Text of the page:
Orofacial Clefts
Oral Pathology

Author: Alessio Parrotta
Date: 25/06/2010



Orofacial clefts are congenital malformations characterized by incomplete formation of structures separating the nasal and oral cavities: lip, alveolus, hard and soft palate.

We can find three variations of this disease:

  • Cleft lip (cheiloschisis, CL)
  • Cleft palate (palatoschisis, CPO)
  • Cleft lip and palate (cheilopalatoschisis, CLP)

The Diseases DatabaseURL
OMIM single geneURL


The average incidence of CLP is 1-2 per 1000 live births.

Epidemiological studies in Italy has demonstrated that cleft palate as well as right sided clefts are more frequent in females, while left sided clefts are more frequent in males.

Literature sources:

Carinci F, Rullo R, Farina A, Morano D, Festa VM, Mazzarella N, Del Viscovo D, Carls PF, Becchetti A, Gombos F. , Non-syndromic orofacial clefts in Southern Italy: pattern analysis according to gender, history of maternal smoking, folic acid intake and familial diabetes. J Craniomaxillofac Surg. 2005 Apr;33(2):91-4.


Orofacial clefts are usually identifiable at birth as an opening or split in the upper lip, the palate or both.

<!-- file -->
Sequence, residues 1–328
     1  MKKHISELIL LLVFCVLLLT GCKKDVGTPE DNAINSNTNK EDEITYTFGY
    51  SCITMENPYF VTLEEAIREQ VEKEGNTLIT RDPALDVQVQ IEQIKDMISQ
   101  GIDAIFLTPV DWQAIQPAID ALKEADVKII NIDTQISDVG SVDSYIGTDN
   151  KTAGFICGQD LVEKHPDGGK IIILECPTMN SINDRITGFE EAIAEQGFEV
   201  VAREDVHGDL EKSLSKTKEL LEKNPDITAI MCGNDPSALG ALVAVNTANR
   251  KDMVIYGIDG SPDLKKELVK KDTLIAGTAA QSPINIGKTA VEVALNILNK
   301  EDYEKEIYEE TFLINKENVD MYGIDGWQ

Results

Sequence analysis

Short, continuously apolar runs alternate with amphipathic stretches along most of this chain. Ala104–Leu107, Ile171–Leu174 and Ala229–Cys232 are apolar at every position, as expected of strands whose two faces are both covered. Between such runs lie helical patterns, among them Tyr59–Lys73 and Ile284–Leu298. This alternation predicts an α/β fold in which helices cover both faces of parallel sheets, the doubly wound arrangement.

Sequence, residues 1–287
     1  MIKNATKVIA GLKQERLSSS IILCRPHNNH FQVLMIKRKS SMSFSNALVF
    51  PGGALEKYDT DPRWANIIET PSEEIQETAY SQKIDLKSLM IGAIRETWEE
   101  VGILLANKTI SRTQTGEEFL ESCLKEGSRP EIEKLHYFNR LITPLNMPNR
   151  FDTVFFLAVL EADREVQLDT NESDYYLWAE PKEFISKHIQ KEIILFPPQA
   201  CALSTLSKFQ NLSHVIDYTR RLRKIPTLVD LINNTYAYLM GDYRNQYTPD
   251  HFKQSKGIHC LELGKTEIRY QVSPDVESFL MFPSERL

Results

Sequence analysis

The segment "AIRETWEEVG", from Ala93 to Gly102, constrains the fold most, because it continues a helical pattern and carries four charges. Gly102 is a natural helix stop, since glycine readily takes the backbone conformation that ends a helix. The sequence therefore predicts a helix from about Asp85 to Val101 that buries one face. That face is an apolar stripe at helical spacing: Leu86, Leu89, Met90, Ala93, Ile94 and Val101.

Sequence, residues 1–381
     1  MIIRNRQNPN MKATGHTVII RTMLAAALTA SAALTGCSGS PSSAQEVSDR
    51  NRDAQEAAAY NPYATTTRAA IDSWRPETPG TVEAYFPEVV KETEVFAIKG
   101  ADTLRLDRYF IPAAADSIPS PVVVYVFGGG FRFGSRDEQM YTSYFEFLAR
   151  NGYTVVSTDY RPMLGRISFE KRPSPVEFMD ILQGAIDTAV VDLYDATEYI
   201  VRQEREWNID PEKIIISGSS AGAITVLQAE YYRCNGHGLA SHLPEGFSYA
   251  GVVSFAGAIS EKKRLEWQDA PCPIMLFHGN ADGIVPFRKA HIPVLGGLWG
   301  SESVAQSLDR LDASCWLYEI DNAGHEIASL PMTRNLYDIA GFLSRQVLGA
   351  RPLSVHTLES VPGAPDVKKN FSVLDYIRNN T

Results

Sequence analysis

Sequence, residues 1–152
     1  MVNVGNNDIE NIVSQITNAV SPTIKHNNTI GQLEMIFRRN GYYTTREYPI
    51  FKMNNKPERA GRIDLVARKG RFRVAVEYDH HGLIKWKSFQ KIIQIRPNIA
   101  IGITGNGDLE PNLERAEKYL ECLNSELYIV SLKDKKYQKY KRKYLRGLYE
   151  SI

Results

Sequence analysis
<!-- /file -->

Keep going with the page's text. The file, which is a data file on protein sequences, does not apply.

Other symptoms includes:

  • Swallowing problems
  • Feeding problems
  • Flow of milk through nasal passages during feeding
  • Recurrent ear infections
  • Speech difficulties
  • Misaligned teeth
  • Change in nose shape


Prenatal diagnosis includes:

  • MRI
  • Ultrasounds
  • Amniocentesis to check for chromosomal abnormalities

After birth a physical examination of the mouth, nose, and palate confirms a cleft lip or cleft palate.

Embryological signs

Development of the face


Oral cleft is a defect of formation of the frontonasal proces by wich nose, superior lip, maxilla and primary palate take origin, or is a defect of the fusion of the frontonasal proces with the two maxillary processes. These two anomalies are caused by defects of neural tube.

The pathogenesis of cleft lip and cleft palate is complex; the most widely accepted model is the multifactorial inheritance (Carter, 1969;Fraser, 1970), according to wich this pathology is connected to the interaction of genetic and environmental factors.

Genetic Factors:

Environmental Factors:

Prevention Factors

Literature sources:

  1. Maternal dietary B vitamin intake
  2. “Folate intake
  3. Folic acid on prevention of orofacial cleft


  • Feeding problems

  • Psychosocial issues
  • Infections (otitis media, pneumonia, bronchopneumonia)


  • Plastic surgery
  • Oral and maxilofacial surgery

Alessio Parrotta – Giorgia Corrias

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